View from the tank of the hill with rock-cut Asoka inscriptions, Jaugada, Ganjam District
Photographer: Caddy, Alexander E.
Medium: Photographic print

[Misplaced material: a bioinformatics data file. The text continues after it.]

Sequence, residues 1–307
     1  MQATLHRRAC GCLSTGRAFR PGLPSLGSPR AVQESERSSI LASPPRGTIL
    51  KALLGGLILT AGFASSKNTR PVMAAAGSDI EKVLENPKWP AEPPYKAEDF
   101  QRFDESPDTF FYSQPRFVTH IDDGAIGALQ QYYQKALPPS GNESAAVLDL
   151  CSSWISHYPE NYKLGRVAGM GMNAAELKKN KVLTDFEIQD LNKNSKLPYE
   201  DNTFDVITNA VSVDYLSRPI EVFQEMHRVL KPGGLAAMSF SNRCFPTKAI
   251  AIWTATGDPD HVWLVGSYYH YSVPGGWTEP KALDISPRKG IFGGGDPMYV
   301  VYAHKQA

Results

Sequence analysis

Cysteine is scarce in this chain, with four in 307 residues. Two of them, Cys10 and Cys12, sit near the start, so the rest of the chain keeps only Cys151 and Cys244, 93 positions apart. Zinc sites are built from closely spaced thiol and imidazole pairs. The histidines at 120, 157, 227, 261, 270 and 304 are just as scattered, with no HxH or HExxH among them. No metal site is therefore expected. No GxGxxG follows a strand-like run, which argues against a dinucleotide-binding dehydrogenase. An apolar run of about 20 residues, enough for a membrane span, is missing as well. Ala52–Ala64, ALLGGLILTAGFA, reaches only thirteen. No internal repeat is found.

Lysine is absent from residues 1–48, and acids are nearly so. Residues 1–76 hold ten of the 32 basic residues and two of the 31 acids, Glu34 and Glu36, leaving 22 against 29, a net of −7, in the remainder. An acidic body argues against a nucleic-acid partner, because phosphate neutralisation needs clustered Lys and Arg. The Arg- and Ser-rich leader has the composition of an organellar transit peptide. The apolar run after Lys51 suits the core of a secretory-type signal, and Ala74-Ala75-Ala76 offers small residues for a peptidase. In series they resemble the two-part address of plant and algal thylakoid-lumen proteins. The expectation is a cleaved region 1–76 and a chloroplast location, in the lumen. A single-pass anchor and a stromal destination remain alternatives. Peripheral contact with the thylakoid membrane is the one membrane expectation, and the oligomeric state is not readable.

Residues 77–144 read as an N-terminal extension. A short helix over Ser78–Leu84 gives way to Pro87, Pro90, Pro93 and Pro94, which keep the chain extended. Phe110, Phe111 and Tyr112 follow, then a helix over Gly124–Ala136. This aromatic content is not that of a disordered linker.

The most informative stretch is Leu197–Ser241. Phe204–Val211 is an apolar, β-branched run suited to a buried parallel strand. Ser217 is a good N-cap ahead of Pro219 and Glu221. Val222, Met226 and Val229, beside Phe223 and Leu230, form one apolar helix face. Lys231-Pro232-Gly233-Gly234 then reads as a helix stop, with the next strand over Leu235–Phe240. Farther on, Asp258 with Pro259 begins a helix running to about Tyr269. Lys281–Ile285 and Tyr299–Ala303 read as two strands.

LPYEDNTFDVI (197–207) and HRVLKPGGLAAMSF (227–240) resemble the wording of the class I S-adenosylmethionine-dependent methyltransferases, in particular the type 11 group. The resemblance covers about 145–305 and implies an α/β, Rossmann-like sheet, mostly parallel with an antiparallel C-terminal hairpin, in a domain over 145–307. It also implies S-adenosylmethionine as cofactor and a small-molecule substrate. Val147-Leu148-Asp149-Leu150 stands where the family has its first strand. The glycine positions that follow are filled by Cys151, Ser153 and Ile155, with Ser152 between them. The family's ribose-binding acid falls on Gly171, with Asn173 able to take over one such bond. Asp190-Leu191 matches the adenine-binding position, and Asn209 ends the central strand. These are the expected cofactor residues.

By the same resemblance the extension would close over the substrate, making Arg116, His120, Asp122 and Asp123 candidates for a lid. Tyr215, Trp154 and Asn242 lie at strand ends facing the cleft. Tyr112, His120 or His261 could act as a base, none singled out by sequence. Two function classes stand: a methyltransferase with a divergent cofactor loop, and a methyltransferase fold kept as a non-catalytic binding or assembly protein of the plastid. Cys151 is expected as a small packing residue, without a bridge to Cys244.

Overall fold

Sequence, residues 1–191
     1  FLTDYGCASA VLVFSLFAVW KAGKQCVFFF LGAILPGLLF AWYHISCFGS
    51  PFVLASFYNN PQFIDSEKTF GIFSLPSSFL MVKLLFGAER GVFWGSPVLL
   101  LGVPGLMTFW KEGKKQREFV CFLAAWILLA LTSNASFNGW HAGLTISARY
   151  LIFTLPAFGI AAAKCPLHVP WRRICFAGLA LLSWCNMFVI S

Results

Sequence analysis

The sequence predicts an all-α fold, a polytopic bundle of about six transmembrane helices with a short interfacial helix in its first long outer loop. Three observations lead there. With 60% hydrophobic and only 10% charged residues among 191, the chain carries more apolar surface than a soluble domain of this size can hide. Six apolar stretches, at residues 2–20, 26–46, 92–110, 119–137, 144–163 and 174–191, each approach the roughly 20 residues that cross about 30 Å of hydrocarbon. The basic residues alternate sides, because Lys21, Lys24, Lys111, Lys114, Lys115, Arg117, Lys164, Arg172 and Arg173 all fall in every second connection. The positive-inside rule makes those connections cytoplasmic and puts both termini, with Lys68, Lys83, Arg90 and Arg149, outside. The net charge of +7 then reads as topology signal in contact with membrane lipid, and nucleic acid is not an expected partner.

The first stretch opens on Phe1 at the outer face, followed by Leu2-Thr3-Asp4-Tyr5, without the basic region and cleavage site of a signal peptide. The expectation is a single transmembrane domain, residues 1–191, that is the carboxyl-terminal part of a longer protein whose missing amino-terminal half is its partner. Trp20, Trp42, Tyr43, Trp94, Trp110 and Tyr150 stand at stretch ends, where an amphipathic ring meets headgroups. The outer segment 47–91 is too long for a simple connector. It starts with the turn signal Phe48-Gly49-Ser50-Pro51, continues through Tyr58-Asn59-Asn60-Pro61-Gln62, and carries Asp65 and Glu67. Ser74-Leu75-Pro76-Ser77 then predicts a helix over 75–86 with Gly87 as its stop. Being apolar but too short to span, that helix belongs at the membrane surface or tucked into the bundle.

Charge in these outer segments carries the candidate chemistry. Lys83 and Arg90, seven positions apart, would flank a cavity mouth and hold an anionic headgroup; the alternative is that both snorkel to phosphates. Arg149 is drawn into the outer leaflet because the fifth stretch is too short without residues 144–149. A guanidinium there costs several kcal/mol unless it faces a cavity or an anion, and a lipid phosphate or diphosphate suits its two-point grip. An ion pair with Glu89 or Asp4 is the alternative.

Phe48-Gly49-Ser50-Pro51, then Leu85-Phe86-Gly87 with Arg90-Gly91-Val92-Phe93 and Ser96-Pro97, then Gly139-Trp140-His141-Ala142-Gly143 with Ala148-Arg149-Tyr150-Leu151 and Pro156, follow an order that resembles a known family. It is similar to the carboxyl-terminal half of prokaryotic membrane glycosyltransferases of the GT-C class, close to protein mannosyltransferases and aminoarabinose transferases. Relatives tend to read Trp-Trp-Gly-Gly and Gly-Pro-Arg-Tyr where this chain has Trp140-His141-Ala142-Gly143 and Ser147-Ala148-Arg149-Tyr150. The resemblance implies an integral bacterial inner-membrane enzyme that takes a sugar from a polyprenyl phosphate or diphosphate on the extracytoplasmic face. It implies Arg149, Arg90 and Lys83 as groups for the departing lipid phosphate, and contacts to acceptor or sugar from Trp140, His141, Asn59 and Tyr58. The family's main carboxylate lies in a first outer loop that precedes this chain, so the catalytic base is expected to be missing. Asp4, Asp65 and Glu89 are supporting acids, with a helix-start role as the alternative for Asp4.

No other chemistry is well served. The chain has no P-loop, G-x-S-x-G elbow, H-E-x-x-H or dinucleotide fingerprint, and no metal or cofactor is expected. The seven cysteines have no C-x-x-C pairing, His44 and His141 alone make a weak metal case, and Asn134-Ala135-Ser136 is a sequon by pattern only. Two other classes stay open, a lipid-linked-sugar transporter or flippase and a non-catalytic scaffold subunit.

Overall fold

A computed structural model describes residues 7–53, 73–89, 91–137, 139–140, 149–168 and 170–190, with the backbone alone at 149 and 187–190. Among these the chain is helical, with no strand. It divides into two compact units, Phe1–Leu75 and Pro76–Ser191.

Photograph of the hill with the rock-cut Asoka inscriptions at Jaugada, Ganjam District, taken by Alexander Caddy in 1895. Ashoka (reign ca. 272-231 BC) was the most illustrious king of the Maurya dynasty. After his conquest of the kingdom of Kalinga in modern day Orissa, struck with remorse at the suffering he caused, Ashoka converted to Buddhism and spent the rest of his life propagating his dharma (law). In order to achieve this, he had numerous edicts inscribed on rocks, pillars and caves, throughout his vast empire. These are written in various vernaculars and represent the earliest written document from the Indic regions. From these edicts it would appear clear that Ashoka was an extremely tolerant and benevolent monarch. This is distant view of the hill, with the tank in the foreground containing a small shrine in the centre. The Jaugada inscriptions are engraved on the face of a rock, seen in the backgrounf of this photograph, rising up vertically and facing south east.